Critical Illness-Related Inflammation as a Frailty Treatment Target
Although administration of monoclonal antibodies to various inflammatory cytokines and mediators improves clinical outcomes in autoimmune and other inflammatory disease,76–79 multiple trials of these compounds for the treatment of inflammation in acute critical illness have found either no benefit or the potential for harm.80–82 However, frailty-related inflammation in ICU survivors likely differs from inflammation in acute critical illness. Therefore, monoclonal antibodies to select cytokines or other inflammatory mediators that remain elevated at a subclinical level in ICU survivors could theoretically treat frailty-related inflammation. For example, Canakinumab (monoclonal antibody to IL-1β) was recently shown to reduce cardiovascular disease (CVD) events in patients with CVD and subclinical elevated CRP levels.83 However, similar to other monoclonal antibodies to inflammatory cytokines, the risk of infection was increased with Canakinumab treatment. Before testing anti-inflammatory monoclonal antibody drugs to prevent or treat frailty in ICU survivors, studies are needed to identify specific cytokines as biomarkers and therapeutic targets for individuals at highest risk for physical frailty and its progression.84 Furthermore, because ICU survivors are at high risk for recurrent infections, any trial of anti-inflammatory therapy with immunosuppressive side effects in ICU survivors should be carefully designed to ensure patient safety.
In a 2018 study of healthy adults, ω-3 PUFA supplementation, after endotoxin administration to cause acute inflammation, triggered an increase in SPMs including unique resolvins and lipoxins.85 These observations suggest that ω-3 PUFA supplementation should be further studied as a potential therapy for persistent inflammation in frail critically ill patients and ICU survivors. The dose–response relationship between ω-3 PUFAs supplementation and increase in the levels of SPMs needs further study61 as does the practicality and safety of direct SPM administration to augment resolution of inflammation.
Cohort studies of older adults and ICU trials have failed to demonstrate that the anti-inflammatory effects of statin therapy can prevent frailty among older adults or improve outcomes in acute respiratory distress syndrome (ARDS) and sepsis patients, respectively. In a cohort study of community-dwelling older adult women, statin use was not associated with preserved functional status.86 In ICU trials with sepsis and ARDS patients, statin therapy did not provide any mortality benefit.87–90 Furthermore, in the 2016 Statins for Acutely Injured Lungs for Sepsis (SAILS) trial, statin administration did not confer any improvement in physical activity or other functional outcomes in ICU survivors.91,92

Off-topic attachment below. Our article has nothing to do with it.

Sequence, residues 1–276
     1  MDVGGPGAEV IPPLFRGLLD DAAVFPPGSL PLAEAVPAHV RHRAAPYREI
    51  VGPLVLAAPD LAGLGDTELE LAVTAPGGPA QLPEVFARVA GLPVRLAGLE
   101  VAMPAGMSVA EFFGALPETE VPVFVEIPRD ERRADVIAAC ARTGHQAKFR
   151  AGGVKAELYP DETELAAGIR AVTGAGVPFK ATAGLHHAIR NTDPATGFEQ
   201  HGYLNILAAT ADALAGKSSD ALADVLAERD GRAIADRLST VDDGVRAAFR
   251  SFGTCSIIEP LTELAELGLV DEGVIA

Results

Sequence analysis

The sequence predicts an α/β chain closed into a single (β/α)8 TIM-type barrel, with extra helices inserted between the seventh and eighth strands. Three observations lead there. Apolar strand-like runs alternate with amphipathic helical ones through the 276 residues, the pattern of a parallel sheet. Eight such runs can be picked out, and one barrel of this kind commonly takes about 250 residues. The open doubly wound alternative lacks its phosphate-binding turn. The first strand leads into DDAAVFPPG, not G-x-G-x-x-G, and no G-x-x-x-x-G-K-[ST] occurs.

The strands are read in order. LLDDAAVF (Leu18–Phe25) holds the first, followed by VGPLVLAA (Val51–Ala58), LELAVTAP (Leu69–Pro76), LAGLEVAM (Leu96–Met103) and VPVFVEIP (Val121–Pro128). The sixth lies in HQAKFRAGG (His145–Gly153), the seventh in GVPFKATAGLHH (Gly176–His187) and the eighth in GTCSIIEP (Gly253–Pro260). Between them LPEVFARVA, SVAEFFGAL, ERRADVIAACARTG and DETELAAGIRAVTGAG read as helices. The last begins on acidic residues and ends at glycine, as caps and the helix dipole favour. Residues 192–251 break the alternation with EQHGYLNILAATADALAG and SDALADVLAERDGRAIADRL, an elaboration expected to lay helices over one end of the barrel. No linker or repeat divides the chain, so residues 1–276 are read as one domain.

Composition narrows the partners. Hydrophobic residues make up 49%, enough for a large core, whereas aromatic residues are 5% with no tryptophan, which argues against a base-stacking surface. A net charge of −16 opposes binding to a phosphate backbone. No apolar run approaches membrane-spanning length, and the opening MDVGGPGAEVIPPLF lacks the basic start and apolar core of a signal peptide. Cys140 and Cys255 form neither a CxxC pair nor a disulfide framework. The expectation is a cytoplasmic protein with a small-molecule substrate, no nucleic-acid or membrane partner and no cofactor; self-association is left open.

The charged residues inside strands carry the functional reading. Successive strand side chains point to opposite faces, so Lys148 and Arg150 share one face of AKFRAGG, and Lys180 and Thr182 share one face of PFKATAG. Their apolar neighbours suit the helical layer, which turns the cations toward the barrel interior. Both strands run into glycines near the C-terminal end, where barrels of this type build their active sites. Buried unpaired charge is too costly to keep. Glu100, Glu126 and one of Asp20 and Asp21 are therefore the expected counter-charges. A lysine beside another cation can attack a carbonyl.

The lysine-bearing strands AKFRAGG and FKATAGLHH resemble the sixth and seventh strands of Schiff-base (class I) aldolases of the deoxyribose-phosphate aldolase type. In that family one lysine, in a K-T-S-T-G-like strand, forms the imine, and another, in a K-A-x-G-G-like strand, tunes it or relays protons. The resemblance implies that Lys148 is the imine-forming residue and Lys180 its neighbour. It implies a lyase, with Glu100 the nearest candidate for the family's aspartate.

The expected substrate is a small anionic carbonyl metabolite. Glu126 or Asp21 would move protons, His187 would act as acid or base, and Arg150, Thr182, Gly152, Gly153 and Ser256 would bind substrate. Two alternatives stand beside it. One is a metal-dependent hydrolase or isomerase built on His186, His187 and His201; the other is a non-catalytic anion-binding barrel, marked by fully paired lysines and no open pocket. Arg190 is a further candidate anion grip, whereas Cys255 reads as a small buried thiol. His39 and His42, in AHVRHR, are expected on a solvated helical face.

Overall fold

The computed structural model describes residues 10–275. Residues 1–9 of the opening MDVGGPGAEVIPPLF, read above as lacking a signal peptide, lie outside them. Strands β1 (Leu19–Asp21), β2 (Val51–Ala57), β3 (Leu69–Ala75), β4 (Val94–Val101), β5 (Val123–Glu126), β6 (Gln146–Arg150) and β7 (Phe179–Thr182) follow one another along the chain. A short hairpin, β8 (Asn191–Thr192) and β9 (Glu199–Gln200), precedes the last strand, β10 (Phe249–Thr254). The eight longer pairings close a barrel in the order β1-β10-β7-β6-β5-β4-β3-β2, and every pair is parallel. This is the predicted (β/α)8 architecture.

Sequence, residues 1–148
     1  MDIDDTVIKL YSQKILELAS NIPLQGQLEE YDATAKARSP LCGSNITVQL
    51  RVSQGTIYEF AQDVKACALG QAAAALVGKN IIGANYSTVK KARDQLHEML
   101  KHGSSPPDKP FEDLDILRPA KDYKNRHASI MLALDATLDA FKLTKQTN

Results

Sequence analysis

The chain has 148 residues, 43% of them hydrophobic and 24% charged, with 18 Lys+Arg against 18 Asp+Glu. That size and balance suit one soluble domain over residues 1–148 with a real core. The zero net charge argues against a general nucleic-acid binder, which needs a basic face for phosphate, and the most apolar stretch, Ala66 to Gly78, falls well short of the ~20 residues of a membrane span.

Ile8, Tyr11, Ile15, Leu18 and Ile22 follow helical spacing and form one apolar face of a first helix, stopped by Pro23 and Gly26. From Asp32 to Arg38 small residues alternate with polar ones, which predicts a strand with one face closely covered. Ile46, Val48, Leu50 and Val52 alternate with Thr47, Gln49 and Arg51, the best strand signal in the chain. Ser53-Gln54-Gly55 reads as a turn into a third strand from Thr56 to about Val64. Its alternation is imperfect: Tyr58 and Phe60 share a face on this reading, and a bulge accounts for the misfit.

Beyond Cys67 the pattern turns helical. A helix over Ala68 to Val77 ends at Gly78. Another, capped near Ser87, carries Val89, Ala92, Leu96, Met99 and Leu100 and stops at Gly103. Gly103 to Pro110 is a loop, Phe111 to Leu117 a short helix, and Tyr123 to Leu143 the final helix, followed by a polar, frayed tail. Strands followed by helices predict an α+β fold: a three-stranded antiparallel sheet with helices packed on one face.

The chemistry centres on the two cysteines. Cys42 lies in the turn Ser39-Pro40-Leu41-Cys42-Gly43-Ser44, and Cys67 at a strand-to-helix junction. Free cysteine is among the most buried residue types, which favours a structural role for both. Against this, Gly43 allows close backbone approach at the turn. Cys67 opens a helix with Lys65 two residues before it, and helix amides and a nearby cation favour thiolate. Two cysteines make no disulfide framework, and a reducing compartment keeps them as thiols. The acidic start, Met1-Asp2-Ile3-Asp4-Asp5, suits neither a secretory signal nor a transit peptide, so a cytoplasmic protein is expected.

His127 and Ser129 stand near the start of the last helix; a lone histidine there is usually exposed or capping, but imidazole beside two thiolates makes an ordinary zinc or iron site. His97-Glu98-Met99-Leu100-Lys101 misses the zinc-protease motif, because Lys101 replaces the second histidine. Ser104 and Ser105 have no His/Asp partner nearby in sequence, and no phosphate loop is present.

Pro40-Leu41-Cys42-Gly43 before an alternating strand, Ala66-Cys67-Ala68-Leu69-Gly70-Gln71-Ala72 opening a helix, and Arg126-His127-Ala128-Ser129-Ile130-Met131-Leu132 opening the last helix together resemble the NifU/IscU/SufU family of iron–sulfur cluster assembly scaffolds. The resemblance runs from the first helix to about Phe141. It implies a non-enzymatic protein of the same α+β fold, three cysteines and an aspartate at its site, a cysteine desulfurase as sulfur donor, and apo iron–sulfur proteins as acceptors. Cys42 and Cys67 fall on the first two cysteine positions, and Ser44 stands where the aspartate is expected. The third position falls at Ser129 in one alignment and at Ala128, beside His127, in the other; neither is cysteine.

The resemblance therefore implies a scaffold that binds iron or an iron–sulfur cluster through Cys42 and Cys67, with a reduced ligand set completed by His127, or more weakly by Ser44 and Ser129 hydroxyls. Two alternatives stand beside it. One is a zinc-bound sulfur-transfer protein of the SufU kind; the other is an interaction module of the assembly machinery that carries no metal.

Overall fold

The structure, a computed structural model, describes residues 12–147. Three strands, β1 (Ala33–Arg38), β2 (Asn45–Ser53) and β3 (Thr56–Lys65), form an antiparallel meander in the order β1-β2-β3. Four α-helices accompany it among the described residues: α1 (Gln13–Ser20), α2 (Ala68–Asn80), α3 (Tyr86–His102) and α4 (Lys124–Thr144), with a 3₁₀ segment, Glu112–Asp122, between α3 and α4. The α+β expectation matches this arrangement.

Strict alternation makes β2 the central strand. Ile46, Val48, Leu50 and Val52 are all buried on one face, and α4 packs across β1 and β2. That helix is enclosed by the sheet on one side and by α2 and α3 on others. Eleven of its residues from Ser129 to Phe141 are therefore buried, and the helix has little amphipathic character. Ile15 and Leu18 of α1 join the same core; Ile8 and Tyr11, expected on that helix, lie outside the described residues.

The hallmark of physical frailty, whether in older adults, critically ill patients, or ICU survivors, is reduced muscle capacity in terms of strength and endurance. Muscle capacity is strongly related to muscle mitochondrial bioenergetic function. With aging, both the total number of mitochondria within cells and the energy production from oxidative phosphorylation in each mitochondrion decline.48,93,94 In mechanically ventilated ICU patients, skeletal muscle mitochondria are reduced and have impaired oxidative phosphorylation (as measured by electron microscopy, lower mitochondrial DNA copy number, reduced respiratory chain activity, and adenosine triphosphate (ATP) synthase measurements).19,21,42–44 Those who survive to hospital discharge show signs of increased mitochondrial biogenesis compared to those who die in the ICU, with upregulation of peroxisome proliferator-activated receptor-γ coactivator 1α (PGC-1α), nuclear respiratory factor 1 (NRF-1), and mitochondrial transcription factor A (TFAM).19 However, mitochondrial biogenesis may still be inadequate in survivors with ICU-acquired weakness. A study of 15 ARF survivors of prolonged mechanical ventilation found reduced muscle mitochondrial content 7 days after ICU discharge.43 Elevated growth differentiation factor (GDF)-15—a biomarker of inherited mitochondrial myopathy disease95—is associated with weaker diaphragm, limb, and hand-grip strength in older ICU survivors at hospital discharge and is longitudinally associated with lower rates of functional recovery over 6 months.96 Therefore, it is plausible that a substantial proportion of ARF survivors with muscle weakness-related frailty have reduced muscle mitochondrial content due to impaired biogenesis.
Mitochondrial DNA variation may predispose to mitochondrial dysfunction and impaired skeletal muscle capacity and frailty with aging. In the Cardiovascular Health Study of community-dwelling older adults, genotyping of peripheral blood mononuclear cells revealed a single-nucleotide polymorphism in mitochondrial DNA (C allele at mt204) that was associated with frailty.97 Future studies should investigate whether genetic variation in mitochondrial DNA is a risk factor and prognostic biomarker for mitochondrial dysfunction and adverse outcomes in adults with critical illness and ICU survivors.
Critical Illness Myopathy as a Frailty Treatment Target
In older adults, exercise interventions have been shown to improve muscle mitochondrial function.98–100 In ICU patients, early mobilization in ICU patients improves function at hospital discharge,101 but the 3 largest randomized controlled trials (RCTs) of physical and/or occupational therapy interventions delivered on the hospital ward after the ICU and/or during the first months after hospital discharge did not find benefit.102–104 In addition, more sophisticated interventions, such as muscle electrical stimulation, have been proposed to treat ICU-acquired weakness.105,106 However, the most recent and largest trial of in-bed cycle ergometry and electrical stimulation for ICU-acquired weakness did not increase muscle strength at time of ICU discharge.107 These negative trials suggest that physical therapy alone may have limited efficacy in treating critical illness myopathy due to either mitochondrial dysfunction or other neuromuscular pathology.